The Comic Muse, or, So This Poet Walks into a Bar.
Why don't light verse, intentional doggerel and satire get more respect? Why is unrhymed verse rarely funny? What verse forms do humorous writers use most often for their comic poems, and why? Why is comedy harder than dying? Does light verse have a short shelf life? Is tomorrow Tuesday? Where are my keys? Why are we asking all these questions? These and similar inquiries will occupy us as we do the difficult work of trying to figure out how to be funny in verse. Concerned with the nature of humor along with the future of humanity, we will consider poetry based on language play, poetry not based on language play, poetry occasionally based on language play, poetry in plays, the poetry of praise, Scottish border lays, the end of days, why none of us seems to be able to get a raise, the unclassifiable works of Ogden Nash, and the question of how librarians can therefore figure out which shelf to put them on.
And join us at 6:00 the same evening for David's talk: Belle Turnbull and the Poets of Colorado
Belle Turnbull (1881-1970) was the first strong poet to live in and write about the mountains and high mining towns of the Colorado Rockies. Well-known during her life but long out of print,Turnbull’s lyrics of sublime alpine wilderness and her narratives about the harsh and dangerous world of hard rock mining offer us a profoundly original vision of the American west that transcends the region. Join current Western Slope Poet Laureate David J. Rothman, co-editor of Belle Turnbull: On the Life & Work of an American Master, who will tell the extraordinary story of her life and read and discuss passages from her work.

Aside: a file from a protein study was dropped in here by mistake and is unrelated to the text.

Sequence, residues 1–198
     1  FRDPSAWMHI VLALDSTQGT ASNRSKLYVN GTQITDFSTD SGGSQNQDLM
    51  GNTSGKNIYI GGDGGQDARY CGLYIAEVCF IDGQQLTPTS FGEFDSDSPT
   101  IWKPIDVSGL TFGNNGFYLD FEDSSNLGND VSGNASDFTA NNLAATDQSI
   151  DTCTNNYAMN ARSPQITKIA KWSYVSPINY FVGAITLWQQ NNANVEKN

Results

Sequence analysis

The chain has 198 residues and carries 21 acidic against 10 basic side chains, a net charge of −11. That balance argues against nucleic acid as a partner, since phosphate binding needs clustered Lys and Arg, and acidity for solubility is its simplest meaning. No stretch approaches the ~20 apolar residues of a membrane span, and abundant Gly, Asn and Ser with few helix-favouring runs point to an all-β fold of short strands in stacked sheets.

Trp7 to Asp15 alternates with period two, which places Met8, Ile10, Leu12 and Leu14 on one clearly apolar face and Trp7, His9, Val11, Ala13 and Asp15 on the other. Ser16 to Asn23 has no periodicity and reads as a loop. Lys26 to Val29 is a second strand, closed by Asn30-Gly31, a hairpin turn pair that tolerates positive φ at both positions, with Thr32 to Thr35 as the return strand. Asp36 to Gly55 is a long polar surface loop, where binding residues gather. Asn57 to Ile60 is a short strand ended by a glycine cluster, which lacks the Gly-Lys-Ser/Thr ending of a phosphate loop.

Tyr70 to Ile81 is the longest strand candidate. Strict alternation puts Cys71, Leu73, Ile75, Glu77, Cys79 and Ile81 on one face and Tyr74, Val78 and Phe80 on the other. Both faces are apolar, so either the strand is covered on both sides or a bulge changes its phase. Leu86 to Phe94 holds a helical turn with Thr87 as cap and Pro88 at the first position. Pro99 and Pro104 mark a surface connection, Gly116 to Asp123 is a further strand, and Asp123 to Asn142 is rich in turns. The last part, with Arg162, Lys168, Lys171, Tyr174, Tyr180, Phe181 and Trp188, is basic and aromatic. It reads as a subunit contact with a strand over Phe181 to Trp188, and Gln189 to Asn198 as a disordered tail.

“This book restores to Westerners a treasure we were foolish to misplace. In poems that are as consoling as they are unsettling, Belle Turnbull extracted and refined the meanings of mountains, miners, memory, and mortality. Now, nearly fifty years after her death, a team of gifted writers—serving as Turnbull’s latter-day friends in high places—joins together to rescue her work from our inattention, and return us to her company.” —Patty Limerick, Faculty Director of The Center of the American West, University of Colorado, Boulder
“Belle Turnbull is a genuine Colorado literary treasure, and kudos to Pleaides Press and the editors of this volume for bringing her memory back into our modern consciousness. She is a poet we need to know, and this collection demonstrates why.” —Art Goodtimes, author of As If the World Really Mattered
“To discover Belle Turnbull is to discover Colorado from the inside out. Here we have a deeply original poet braving the elements, choosing a life of wilderness and hardship, giving voice to the invisible streams, rugged peaks, and high country characters of the early 20th century.” —Wendy Videlock, author of Nevertheless